INVESTIGATIONAL DRUG PRODUCTS: REGULATORY CHANGES THAT MAY HAVE IMPLICATIONS FOR YOUR CLINICAL TRIAL CONDUCT SITES — Hancock Daniel
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INVESTIGATIONAL DRUG PRODUCTS: REGULATORY CHANGES THAT MAY HAVE IMPLICATIONS FOR YOUR CLINICAL TRIAL CONDUCT SITES

Navigating compliance requirements in a space co-regulated at both the federal and state level can be complex and challenging. Recent changes in how the Virginia Board of Pharmacy classifies investigational drug products (IDPs) provides an excellent example of the types of challenges posed by co-regulation.  For providers, hospitals and health systems engaged in clinical research activity, keeping abreast of such changes can be as tricky as implementing the required changes themselves.

IDPs are regulated by a myriad of federal and state authorities including the Drug Enforcement Agency (DEA), the US Food and Drug Administration (FDA) and individual state boards of pharmacy. The DEA makes its classification determinations as to whether a product is “controlled” or “scheduled” based upon the active pharmaceutical ingredients (API) (and not upon a product’s designation as an IDP alone). Therefore, for example, a Virginia pharmacy must consider on a drug-by-drug basis whether registration with the DEA is required to dispense the study IDPs. Recent changes in IDP classification in Virginia, however, now eliminate those drug-by-drug registration considerations at the state level.

Quite recently, all IDPs have been drawn under the definition of “schedule VI” drug products by the Virginian Board of Pharmacy (Code of Virginia § 54.1-3455). This bright line classification was made, notwithstanding an IDP having already been FDA approved for other indications, based upon the fact that the IDP “method of use” in trial is not generally recognized among experts qualified by scientific training and experience to evaluate their safety and efficacy as safe for use except by or under the supervision of a practitioner licensed to prescribe or administer such drug. For many clinical investigational sites in Virginia, this change requires an adjustment in how IDPs are dispensed to study participants. Where hospitals are involved in clinical trial conduct, they may want to reconsider having IDPs dispensed directly out of the hospital pharmacy instead of from the hospital research department drug service or from physician investigator offices. If a hospital elects to continue with former practices, the dispensing pharmacist must be covered under the hospital’s license and the department location must be registered as a satellite pharmacy. Accordingly, the pharmacist-in-charge (PIC) of that discreet location would be required to follow all applicable Board of Pharmacy regulatory requirements including providing notice to the Board under 18 VAC 110-20-140 and ensuring compliance with subsections B through G of 18 VAC 110-20-150, 18 VAC 110-20-160, subdivisions 5 and 6 of 18 VAC 110-20-170, 18 VAC 110-20-180 through 18 VAC 110-20-190. Alternatively, where IDPs are dispensed out of a physician’s office or at that satellite location by a physician investigator, that individual would be required to obtain a controlled substance registration (CSR) under Code of Virginia § 54.1-3422 and adhere to strict procedural constraints including (but not limited to):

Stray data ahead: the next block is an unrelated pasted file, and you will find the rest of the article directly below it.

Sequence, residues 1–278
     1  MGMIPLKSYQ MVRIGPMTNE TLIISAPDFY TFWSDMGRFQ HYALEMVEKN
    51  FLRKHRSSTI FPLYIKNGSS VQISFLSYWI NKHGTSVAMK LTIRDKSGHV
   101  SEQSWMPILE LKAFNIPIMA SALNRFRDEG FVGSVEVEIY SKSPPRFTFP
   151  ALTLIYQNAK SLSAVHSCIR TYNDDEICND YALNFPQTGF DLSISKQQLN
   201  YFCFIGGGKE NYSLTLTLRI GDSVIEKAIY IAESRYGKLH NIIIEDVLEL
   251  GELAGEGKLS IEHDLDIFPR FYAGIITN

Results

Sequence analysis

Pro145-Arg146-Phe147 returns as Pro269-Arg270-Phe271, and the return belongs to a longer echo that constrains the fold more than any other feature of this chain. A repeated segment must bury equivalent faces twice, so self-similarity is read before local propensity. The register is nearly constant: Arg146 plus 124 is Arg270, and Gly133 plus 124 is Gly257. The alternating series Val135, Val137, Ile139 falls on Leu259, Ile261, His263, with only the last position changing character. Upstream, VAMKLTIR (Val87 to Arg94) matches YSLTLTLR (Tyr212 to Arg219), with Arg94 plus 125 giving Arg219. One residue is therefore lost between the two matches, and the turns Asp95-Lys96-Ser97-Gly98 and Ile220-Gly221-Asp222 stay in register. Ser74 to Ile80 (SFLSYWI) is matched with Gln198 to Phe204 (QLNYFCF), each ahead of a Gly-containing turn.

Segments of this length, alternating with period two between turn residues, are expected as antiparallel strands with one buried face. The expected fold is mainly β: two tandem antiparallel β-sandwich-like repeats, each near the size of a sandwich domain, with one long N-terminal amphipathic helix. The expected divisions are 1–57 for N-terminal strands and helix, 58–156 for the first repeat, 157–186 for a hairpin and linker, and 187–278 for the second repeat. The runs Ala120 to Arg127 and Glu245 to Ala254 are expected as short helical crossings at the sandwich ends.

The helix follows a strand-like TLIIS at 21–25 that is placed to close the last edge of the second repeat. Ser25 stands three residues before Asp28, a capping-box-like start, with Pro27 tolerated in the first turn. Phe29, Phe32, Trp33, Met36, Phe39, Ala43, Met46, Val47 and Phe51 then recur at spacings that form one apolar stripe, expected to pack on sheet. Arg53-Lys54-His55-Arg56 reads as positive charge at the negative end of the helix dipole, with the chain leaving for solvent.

• Inspection of the facility by the Board prior to the CSR being issued.
  • Dispensing limited to the physician’s own patients only.
  • Maintenance of dispensing records.
  • Inventory requirements for DEA scheduled drugs (where applicable).
  • Prohibitions against nurse practitioners and physician assistants dispensing IDPs.

If you have any questions about these co-regulatory complexities or to learn more about whether your state-specific IDP requirements have changed, please contact a member of Hancock Daniel’s Life Sciences team.

The information contained in this advisory is for general educational purposes only. It is presented with the understanding that neither the author nor Hancock, Daniel & Johnson, P.C., is offering any legal or other professional services. Since the law in many areas is complex and can change rapidly, this information may not apply to a given factual situation and can become outdated. Individuals desiring legal advice should consult legal counsel for up-to-date and fact-specific advice. Under no circumstances will the author or Hancock, Daniel  & Johnson, P.C. be liable for any direct, indirect, or consequential damages resulting from the use of this material.